JEFFERSON CITY, Mo. (AP) — After rejecting President Barack Obama's call to expand Medicaid, a key Republican lawmaker is rolling out a Missouri alternative that would knock tens of thousands of children out of the program while adding some parents to the rolls and offering cash incentives for patients to hold down their health care costs.
The plan to be introduced Tuesday by Missouri Rep. Jay Barnes is billed as a "market-based Medicaid" program that would require private insurers to compete to cover lower-income patients in the government-funded program. Barnes provided a draft of the legislation to The Associated Press in advance of its formal filing.
The legislation includes a fivefold increase in the income eligibility threshold for adults to receive Medicaid coverage in Missouri, potentially adding about 180,000 people to the rolls but stopping short of Obama's call to cover all adults earning up to 138 percent of the federal poverty level, or $32,500 for a family of four. But the bill significantly pares back eligibility for children to put them on par with their parents, removing about 44,000 children from the Medicaid rolls whose parents currently earn up to three times the federal poverty level.
Barnes is chairman of the House Government Oversight and Accountability Committee, which on Monday defeated a Democratic bill to implement the Medicaid expansion under the Obama-backed Affordable Care Act. Because he's chairman, Barnes' bill has a built-in advantage to advance. But it still faces several large obstacles. First, Barnes must solidify the support of colleagues in a Republican-dominated Legislature where some members remain reluctant to do anything beyond simply rejecting the provisions of Obama's 2010 health care law.
If the bill were to pass and gain the approval of Democratic Gov. Jay Nixon, Missouri then would need to get federal approval for the eligibility changes, the cash incentives for patients and the switch to a competitively bid managed health care system. That could be a significant hurdle, since Obama's administration has said previously that any state not raising adult Medicaid eligibility to at least 138 percent of the poverty level will not qualify for the enhanced federal funding allowed under the federal law.
If Missouri can't get full federal funding for Barnes' plan initially — and a 90 percent federal share in the future — then none of the changes would take effect.
"The Obama administration is going to have to retract its left-wing ideology, one-size-fits-all Medicaid system that doesn't work for either taxpayers or recipients and allow states to craft their own solutions," Barnes, R-Jefferson City, told the AP.
Missouri House Speaker Tim Jones called Barnes' legislation a "commonsense conservative way to look at your Medicaid transformation." But Jones said he doesn't expect the bill to pass this year.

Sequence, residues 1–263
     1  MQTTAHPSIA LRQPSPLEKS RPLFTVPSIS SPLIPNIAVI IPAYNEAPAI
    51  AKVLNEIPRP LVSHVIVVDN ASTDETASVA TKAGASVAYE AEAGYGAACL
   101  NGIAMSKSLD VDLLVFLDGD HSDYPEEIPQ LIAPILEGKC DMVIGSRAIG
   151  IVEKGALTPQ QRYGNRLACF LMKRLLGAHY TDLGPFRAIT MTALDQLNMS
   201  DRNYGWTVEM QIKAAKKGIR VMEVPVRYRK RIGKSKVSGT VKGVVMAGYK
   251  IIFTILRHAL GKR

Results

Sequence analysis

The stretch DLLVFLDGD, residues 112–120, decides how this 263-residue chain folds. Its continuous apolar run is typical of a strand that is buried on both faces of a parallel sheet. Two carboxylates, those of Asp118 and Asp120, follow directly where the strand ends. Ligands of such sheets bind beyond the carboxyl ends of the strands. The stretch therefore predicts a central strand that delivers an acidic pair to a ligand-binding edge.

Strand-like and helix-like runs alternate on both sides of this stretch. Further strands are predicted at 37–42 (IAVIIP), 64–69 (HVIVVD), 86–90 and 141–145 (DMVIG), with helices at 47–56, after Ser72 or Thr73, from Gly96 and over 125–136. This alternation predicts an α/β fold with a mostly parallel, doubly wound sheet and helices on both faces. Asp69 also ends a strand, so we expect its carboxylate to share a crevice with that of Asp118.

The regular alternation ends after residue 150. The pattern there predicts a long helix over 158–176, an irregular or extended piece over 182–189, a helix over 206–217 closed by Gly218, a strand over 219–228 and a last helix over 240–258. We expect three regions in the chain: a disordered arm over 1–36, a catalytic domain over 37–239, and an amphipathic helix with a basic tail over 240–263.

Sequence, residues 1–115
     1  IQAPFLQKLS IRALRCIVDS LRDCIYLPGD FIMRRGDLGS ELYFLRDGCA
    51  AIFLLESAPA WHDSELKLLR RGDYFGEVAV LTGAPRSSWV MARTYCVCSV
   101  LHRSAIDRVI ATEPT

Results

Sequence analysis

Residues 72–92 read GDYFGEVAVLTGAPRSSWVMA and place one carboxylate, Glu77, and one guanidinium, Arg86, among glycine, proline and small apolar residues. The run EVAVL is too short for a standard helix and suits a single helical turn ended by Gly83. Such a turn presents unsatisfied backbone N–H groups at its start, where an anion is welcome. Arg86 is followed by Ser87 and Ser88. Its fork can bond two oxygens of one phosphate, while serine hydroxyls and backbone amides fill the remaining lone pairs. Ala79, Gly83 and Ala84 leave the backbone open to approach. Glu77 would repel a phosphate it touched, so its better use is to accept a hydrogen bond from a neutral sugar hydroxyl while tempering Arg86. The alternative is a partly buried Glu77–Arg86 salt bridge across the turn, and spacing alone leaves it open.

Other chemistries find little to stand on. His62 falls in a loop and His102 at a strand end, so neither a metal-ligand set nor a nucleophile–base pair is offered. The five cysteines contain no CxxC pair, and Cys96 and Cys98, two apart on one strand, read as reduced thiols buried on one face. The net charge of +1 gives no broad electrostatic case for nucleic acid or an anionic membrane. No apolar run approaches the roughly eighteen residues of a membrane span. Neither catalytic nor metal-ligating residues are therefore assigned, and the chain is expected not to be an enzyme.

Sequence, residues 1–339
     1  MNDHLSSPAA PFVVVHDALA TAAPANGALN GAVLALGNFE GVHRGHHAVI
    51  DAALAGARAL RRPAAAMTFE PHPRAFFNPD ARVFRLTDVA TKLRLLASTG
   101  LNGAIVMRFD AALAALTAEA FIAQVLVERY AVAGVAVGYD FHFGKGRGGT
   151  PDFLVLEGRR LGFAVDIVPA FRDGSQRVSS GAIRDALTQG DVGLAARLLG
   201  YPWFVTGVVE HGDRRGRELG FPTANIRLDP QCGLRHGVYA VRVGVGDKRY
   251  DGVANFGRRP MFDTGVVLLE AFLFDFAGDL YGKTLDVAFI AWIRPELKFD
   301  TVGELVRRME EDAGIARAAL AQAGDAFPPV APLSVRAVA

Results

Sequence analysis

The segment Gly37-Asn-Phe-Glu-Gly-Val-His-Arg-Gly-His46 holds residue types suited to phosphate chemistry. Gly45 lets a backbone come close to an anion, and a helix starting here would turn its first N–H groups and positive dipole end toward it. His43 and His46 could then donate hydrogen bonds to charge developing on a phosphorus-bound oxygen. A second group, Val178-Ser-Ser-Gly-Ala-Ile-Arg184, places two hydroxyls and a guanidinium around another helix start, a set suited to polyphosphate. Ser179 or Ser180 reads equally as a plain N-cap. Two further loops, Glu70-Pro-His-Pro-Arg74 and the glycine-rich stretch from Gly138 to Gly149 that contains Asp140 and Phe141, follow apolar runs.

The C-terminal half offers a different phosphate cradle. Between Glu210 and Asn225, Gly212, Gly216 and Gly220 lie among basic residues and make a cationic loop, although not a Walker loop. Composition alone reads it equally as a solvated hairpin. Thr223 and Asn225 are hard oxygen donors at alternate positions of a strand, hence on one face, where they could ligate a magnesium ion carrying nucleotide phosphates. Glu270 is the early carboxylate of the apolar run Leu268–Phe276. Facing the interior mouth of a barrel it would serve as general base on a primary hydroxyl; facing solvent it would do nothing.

"I look at this right now as a two-year project, and we're just at the very beginning of it," said Jones, R-Eureka.
House Minority Leader Jake Hummel, who sponsored the Democrats' defeated plan to expand Medicaid, said he hadn't been briefed by Barnes on his alternative proposal and was unaware of the specific details.
But "I'm willing to work across the aisle to get something done," said Hummel, D-St. Louis. "It's too big of an issue to just let go and make it strictly a party-line position."
Missouri's Medicaid program currently covers about 879,000 children, custodial parents, pregnant women, disabled adults and seniors. The state uses a managed care model in the St. Louis, Kansas City and central Missouri areas but otherwise pays medical providers on a fee-for-service basis.
Barnes' proposal would require private insurers to competitively bid — based in part on the price of their plans — to offer managed care services throughout the state. Medicaid participants would then have several insurers to choose from and also could pick either a high-deductible plan or a co-payment plan. They would receive electronic benefit cards that would track their medical care and could receive cash incentives at the end of the year if they avoid costly medical bills such as trips to hospital emergency rooms for ailments that could have been handled by a family physician.
Eligibility levels for adults and children alike would be set at the federal poverty level, which is $23,550 annually for a family of four. That would be a significant increase in Missouri's current income cutoff for custodial parents, which is around 19 percent of the poverty level. But that would be a sharp decrease in the eligibility for children, who currently can gain coverage if their parents earn up to three times the federal poverty level, which is $70,650 for a family of four. Eligibility thresholds also would be reduced for pregnant women.
Barnes said his legislation could save nearly $928 million over eight years.
Nixon, who supports Obama's Medicaid expansion, had said that more than 300,000 adults eventually could have been added to the rolls while the federal government pumps more than $2 billion annually into Missouri's Medicaid system. The increased federal money is projected by Nixon's administration to result in increased tax revenues as medical providers would be assumed to employ thousands more people.
Follow David A. Lieb at http://www.twitter.com/DavidALieb